Air Pollution in Eagle, Alaska
There are possible elevated levels of air pollutants, including sulfur dioxide, in Eagle, AK that may be due to shale rock oil fires in the vicinity. The town is also impacted by smoke from wildfires, depending on wind direction. See link for more info. More »
Title VIII of ANILCA: A Summary of Subsistence Legislation
In 1980, Congress formally recognized the social and cultural importance of protecting subsistence for both Native and non-Native rural residents when it passed the Alaska National Interest Lands Conservation Act (ANILCA). This legislation created millions of acres of new national park and national preserve lands in Alaska, including Yukon-Charley Rivers National Preserve.
As written in ANILCA, Yukon-Charley Rivers National Preserve is managed for the following purposes:
To maintain the environmental integrity of the entire Charley River basin, including streams, lakes and other natural features, in its undeveloped natural condition for public benefit and scientific study; to protect habitat for, and populations of, fish and wildlife, including but not limited to the peregrine falcons and other raptorial birds, caribou, moose, Dall sheep, grizzly bears, and wolves; and in a manner consistent with the foregoing, to protect and interpret historical sites and events associated with the gold rush on the Yukon River and the geological and paleontological history and cultural prehistory of the area.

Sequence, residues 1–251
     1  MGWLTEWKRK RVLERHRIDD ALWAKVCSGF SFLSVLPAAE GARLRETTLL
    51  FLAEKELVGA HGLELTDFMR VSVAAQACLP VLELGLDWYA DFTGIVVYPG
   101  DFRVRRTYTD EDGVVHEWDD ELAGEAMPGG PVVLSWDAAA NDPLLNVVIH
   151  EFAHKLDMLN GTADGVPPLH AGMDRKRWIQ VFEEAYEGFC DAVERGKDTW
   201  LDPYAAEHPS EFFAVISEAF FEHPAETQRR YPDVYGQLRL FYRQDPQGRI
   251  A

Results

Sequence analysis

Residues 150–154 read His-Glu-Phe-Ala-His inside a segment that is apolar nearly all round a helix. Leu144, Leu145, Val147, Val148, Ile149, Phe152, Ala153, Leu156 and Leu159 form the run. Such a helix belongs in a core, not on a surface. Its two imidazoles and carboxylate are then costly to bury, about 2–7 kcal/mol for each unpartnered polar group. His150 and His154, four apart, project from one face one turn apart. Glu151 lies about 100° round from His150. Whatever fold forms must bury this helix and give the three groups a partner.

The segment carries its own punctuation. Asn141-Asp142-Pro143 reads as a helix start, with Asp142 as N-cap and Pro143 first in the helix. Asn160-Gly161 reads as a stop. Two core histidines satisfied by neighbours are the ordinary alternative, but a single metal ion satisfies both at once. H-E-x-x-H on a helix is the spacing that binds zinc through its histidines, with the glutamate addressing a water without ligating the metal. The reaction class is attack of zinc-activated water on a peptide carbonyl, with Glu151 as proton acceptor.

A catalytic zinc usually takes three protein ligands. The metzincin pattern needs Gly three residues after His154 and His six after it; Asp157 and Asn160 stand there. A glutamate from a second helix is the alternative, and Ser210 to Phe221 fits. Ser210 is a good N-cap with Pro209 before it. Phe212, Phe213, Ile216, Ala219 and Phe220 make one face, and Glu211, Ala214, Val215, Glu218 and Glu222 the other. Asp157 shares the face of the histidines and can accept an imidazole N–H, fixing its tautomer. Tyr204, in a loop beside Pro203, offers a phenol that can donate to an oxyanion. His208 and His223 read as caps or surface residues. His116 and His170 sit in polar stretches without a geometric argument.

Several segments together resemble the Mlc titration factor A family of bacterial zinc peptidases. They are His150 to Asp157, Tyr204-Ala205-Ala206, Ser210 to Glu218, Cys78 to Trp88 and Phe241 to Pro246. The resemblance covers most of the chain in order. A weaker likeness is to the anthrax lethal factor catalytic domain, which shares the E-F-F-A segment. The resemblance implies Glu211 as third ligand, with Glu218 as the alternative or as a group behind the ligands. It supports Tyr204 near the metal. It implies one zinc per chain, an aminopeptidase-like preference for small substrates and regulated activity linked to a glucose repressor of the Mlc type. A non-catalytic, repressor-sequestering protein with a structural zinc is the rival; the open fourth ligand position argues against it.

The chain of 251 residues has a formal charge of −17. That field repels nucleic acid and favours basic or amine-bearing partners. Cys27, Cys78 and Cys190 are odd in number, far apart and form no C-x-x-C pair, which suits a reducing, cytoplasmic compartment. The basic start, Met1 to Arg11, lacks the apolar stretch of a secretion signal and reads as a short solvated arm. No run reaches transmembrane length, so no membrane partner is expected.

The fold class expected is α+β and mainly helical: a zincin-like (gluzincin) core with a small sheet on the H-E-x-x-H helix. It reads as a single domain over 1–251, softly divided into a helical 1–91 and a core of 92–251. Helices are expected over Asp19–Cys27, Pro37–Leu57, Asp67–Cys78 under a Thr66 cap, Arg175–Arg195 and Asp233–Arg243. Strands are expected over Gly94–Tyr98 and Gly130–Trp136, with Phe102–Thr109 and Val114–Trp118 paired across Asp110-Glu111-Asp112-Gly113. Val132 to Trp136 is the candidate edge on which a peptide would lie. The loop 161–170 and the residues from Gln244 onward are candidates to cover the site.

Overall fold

Title VIII of ANILCA focuses on the management and use of subsistence across all federal lands. The term "subsistence uses" in ANILCA is defined in Section 803 as:
The customary and traditional uses by rural Alaska residents of wild, renewable resources for direct personal or family consumption as food, shelter, fuel, clothing, tools, or transportation; for the making and selling of handicraft articles out of nonedible byproducts of fish and wildlife resources taken for personal or family consumption; for barter, or sharing for personal or family consumption; and for customary trade.
In Section 801 of ANILCA, Congress recognized the need for:
1. the continuation of the opportunity for subsistence uses by rural residents of Alaska, including both Natives and non-Natives, on the public lands and by Alaska Natives on Native lands is essential to Native physical, economic, traditional, and cultural existence and to non-Native physical, economic, traditional, and social existence;
2. the situation in Alaska is unique in that, in most cases, no practical alternative means are available to replace the food supplies and other items gathered from fish and wildlife which supply rural residents dependent on subsistence uses;
With the passage of ANILCA, the American people made a promise to preserve and protect some of our nation's most splendid natural ecosystems and treasured landscapes while providing the opportunity for those engaged in a traditional subsistence way of life to continue to do so. In this way, the landmark law that created many of Alaska's national park units confirms the strong connection between local residents and the land.
Did You Know?
Slaven's Roadhouse, built in the 1930's, is the only remaining example of the historic roadhouses that served as stopovers for weary travelers and mailcarriers along the Yukon River route.